Opening of the third "Great German Art Exhibition", July 16, 1939. Hitler's speech in the former "Hall of Honor" - The Bavarian State Library, Munich / Photos Hoffmann
Banquet in the former "Ehrenhalle", 1956 - Haus der Kunst, Historical Archive
International Film Exhibition in the former "Ehrenhalle", 1958 - Haus der Kunst, Historical Archive
Exhibition Utopia Station, in the former "Ehrenhalle, 2004, installation view - Photo Wilfried Petzi
Alexander Kluge, film program, December 2, 2007 - Projection on the curtains of "Shifted Room" by Petra Blaisse - Photo by Marion Vogel
Installation "Template" by Ai Weiwei, 2009 in the former "Ehrenhalle" - Photo Wilfried Petzi

Opening of the third "Great German Art Exhibition", July 16, 1939. Hitler's speech in the former "Hall of Honor" - The Bavarian State Library, Munich / Photos Hoffmann

Banquet in the former "Ehrenhalle", 1954 - Haus der Kunst, Historical Archive

International Film Exhibition in the former "Ehrenhalle", 1958 - Haus der Kunst, Historical Archive

Exhibition Utopia Station, in the former "Ehrenhalle, 2004, installation view - Photo Wilfried Petzi

Alexander Kluge, film program, December 2, 2007 - Projection on the curtains of "Shifted Room" by Petra Blaisse - Photo by Marion Vogel

Installation "Template" by Ai Weiwei, 2009 in the former "Ehrenhalle" - Photo Wilfried Petzi

A neuralgic place
About the history of the former “Ehrenhalle” 

Though Paul Ludwig Troost had planned the central “Ehrenhalle” (Hall of Honor) for setting up large-scale sculptures and carrying out festivities with artists, between 1937 and 1944, the place was used exclusively for opening exhibitions and holding press conferences. Every year, the National Socialists would gather in the “Ehrenhalle” for the “Grosse Deutsche Kunstausstellung,” [Great German Art Exhibition] and it was here that Hitler called for a “merciless war of annihilation” against modern art. He is the one who determined that as a representative reception hall, the plinths and the wall and pillar covering of the three-nave sky-lit hall should be clad in blood-red marble from Lake Tegern.  The omnipresence of the color red, which is so prominent on the Nazi party’s swastika flag, aimed at conjuring the ubiquity of the National Socialist world view.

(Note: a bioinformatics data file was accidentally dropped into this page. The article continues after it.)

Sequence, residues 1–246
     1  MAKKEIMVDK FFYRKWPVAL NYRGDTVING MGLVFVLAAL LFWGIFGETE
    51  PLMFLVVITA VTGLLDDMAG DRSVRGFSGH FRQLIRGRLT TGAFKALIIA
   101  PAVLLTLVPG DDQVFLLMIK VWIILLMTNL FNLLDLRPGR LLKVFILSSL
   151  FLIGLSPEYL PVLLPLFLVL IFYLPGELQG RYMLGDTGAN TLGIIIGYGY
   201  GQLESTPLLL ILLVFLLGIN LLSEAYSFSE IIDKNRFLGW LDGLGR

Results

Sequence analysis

In the 1950s, the building was considered “denazified” following the arrival of modern art, and renovations were undertaken aimed at covering up the unpleasant heritage. It was with this in mind that a competition was announced in 1956 between the Munich architects Josef Wiedemann, Ernst Hürlimann and Max Ott. Wiedemann, who won the bid, had conceived a very sparing and highly symbolic solution: “neutralization” using white. The red marble covering of the pillars and door frames were painted over in white, new walls and ceilings ­­– and in some parts curtains of white muslin – transformed the monumental hall into a multifunctional space. 
In 2003, these later alterations were reversed bit by bit as part of the “Critical Reconstruction” in order to open a view onto the building’s origins and allow for a proactive discussion of the space and its history. Ever since, the central middle nave has also been used as an exhibition and experimental space for contemporary artists like Aernout Mik, Paul McCarthy or Ai Weiwei. Since 2012 the room has served as the venue for DER ÖFFENTLICHKEIT – VON DEN FREUNDEN HAUS DER KUNST, an annually-rotating work by a contemporary artist commissioned by Haus der Kunst.

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